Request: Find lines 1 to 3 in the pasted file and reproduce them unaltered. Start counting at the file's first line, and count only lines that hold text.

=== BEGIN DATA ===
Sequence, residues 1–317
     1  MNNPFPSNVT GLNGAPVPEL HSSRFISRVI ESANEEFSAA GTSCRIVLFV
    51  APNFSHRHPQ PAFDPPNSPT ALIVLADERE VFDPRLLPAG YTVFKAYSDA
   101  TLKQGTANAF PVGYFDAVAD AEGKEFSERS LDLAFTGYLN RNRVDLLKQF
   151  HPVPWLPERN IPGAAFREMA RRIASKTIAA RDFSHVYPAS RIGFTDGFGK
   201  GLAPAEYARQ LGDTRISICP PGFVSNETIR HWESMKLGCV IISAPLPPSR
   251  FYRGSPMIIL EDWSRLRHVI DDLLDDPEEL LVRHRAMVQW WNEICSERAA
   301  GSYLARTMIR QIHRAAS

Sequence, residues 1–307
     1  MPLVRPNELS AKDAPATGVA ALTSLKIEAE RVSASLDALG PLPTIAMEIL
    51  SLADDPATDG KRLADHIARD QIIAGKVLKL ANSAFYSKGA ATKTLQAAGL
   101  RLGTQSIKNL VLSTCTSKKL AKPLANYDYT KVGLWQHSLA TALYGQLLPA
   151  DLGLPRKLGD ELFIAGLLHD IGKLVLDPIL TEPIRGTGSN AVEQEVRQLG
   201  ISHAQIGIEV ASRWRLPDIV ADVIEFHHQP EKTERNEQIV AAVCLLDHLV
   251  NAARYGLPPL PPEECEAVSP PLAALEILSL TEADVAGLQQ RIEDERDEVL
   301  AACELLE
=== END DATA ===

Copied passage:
Sequence, residues 1–317
     1  MNNPFPSNVT GLNGAPVPEL HSSRFISRVI ESANEEFSAA GTSCRIVLFV
    51  APNFSHRHPQ PAFDPPNSPT ALIVLADERE VFDPRLLPAG YTVFKAYSDA